Sunday, 22 March 2015

Visiting the island of Menorca

Which way to the beach please?
After our 6 and a half month trip around South America, we were ready for a holiday! So we went and surprised James' family who had rented out a villa on the Spanish island of Menorca. This also gave us the opportunity to meet James' new niece for the first time!

James' niece and sister enjoying the Mediterranean Sea
at the beautiful Arenal d'en Castell beach
They were staying in Na Macaret in the north east of the small island - a 25 minute drive from the capital Mahon. 

Sunset from the villa

We were there for 5 days and as well as using the time to catch up with James' family, gossip about those in the villa next door (!) and relax by the pool at the villa, we also got a look around the island. 

Here's where we visited!

Na Macaret
The small town/hamlet of Na Macaret was a great base for exploring the island and home to the beautiful villa where we were staying. There's small shop and a couple of restaurants as well as a small beach, which is perfectly sized for an afternoon splash in the sea!

Splashing around at the beach at Na Macaret
If you're not staying at Na Macaret, its probably not worth a detour here, but it was a nice little place nonetheless.

Arenal d'en Castell
The nicest beach we visited in Menorca was at Arenal d'en Castell. The sweeping bay was a beautiful setting and the shallow calm milky blue sea was perfect for a swim and cool off after a hard day at the beach! 

Milky blue waters at Arenal d'en Castell

Given the number of hotels around, I can imagine that it may get quite busy here in high season. We visited in September and it wasn't busy at all. Meanwhile, other beaches on the island were much busier, so definitely worth checking it out whatever time of year you visit.

Sweeping bay at Arenal d'en Castell

Fornells is a beautiful fishing village, all painted white, contrasting perfectly with the blue/green of the sea (and sky). There's not really a beach in town, but we enjoyed walking round the harbour area and looking at the boats!

Fornells - white buildings, blue sea and sky
There's also a small fort to wander around and learn about the Franco-Spanish invasion of the island in 1781, which led to the British being ousted from an island they had inhabited for most to the 18th century.

We were only passing through Fornells on our tour of the island, so didn't eat here, but by all accounts the restaurants here are of good standard and looked very popular when we walked past at midday. 

Cavalleria Point and Lighthouse

Cavalleria Lighthouse
The Cavalleria Lighthouse is at the island's most northerly point. It stands at 15 metres tall, 94 meters above sea level. 

Looking out to sea

Its not possible to visit the lighthouse itself, but Cavalleria point was worth a wander around and a clamber over the rocks for impressive views along the coastline and out to sea.

The lighthouse
There's a tunnel off to the left of the main viewpoint area which leads out to the cliff edge and a sheer drop down to the sea and rocks below.

Looking out to sea at the end of the tunnel

Just don't look down!

Ciutadella de Menorca

Cobbled streets of Ciutadella
Wander the streets of Ciutadella and you feel like you've been transported back to the 17th century. 

Cathedral (ice cream is nearby)

Pretty building and square

The old town area really is quite beautiful and we enjoyed walking through it and past the very well maintained older buildings, including the one housing a very good ice-cream shop opposite the cathedral (recommended!).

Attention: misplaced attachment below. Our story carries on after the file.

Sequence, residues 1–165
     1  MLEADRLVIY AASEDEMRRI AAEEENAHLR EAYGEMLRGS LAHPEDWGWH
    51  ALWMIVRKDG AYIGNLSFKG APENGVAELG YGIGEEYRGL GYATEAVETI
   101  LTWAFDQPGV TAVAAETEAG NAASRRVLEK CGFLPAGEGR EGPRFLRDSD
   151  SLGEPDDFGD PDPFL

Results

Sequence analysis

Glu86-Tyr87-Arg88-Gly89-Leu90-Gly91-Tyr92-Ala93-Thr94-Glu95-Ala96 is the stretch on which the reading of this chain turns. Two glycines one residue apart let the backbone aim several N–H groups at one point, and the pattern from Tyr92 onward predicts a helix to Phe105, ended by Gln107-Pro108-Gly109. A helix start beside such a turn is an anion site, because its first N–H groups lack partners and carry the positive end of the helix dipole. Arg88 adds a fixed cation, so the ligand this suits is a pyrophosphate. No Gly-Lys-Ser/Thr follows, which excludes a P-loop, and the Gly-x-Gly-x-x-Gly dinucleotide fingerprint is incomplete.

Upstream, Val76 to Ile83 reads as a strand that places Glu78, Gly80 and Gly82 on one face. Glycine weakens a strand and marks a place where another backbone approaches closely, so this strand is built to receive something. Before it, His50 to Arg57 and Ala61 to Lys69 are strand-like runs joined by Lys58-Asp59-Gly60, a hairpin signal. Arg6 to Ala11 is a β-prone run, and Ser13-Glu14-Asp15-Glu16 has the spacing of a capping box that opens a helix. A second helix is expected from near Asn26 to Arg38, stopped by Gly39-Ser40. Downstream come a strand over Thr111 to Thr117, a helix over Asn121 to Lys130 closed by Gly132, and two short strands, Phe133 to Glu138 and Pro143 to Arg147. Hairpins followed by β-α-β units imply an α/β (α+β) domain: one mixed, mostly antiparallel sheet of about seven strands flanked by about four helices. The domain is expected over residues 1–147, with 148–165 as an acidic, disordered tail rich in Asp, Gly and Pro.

The fort

Louise is well anchored
Its also worth a walk down to the sea's edge to see the town's fort and along back by the harbourside for the restaurants and some boat ogling!

Some boat ogling
Cala Galdana and Cala Macarella
Wanting to find the perfect off the beaten track beach on the island, towards the end of one of our days in Menorca, we decided to head down to Cala Macarella, as I'd seen some very idyllic photos of the beach on the internet. 

We decided to drive to Cala Galdana and walk from there. However, it was getting a bit too late by the time we got there to walk to Cala Macarella and back, if we wanted to also have a bit of time on the beach and in the sea. So we chose some beach time at Cala Galdana instead.

Not to be beaten, we returned later in the week to Cala Galdana and walked along the clifftop path to Cala Macarella. There are a number of viewpoints on the path, affording beautiful views across to Cala Macarella and its little sister Cala Macarelleta.

Cala Macarella
The beach itself was OK and had lots of well placed trees for shade. But, it was far too busy and not off the beaten track at all! The sea had lots of 'debris' in it too - mostly bits of seaweed and the like, but it made for a much less pleasant dip than the one we enjoyed at Arenal d'en Castell.

Cala Macarella
I'd go back for the walk, but not necessarily for the beach (although maybe Macarelleta was better?)

Looking out from the clifftop walk to
the bay of Cala Macarella on the right
& Cala Macarelleta straight ahead
As we were driving around the island, James' sister Louise noted the interesting style of the wooden gates that adorned the entrances to properties across Menorca. 

When driving through Es Mercadel, we came across a workshop, where they make these olive wood traditional gates. I had to got out of the car to get a few snaps!

Overall verdict
Menorca is a very pretty little island and seems to have escaped the worst of the over development of Spanish holiday resorts. 

There are some great beaches, but also pretty towns and villages to explore too. A great place to eat well, sunbathe and relax!

We'll be back.

Have you been to Menorca? What was your verdict? Do you have a favourite beach? Let us know in the comments below.

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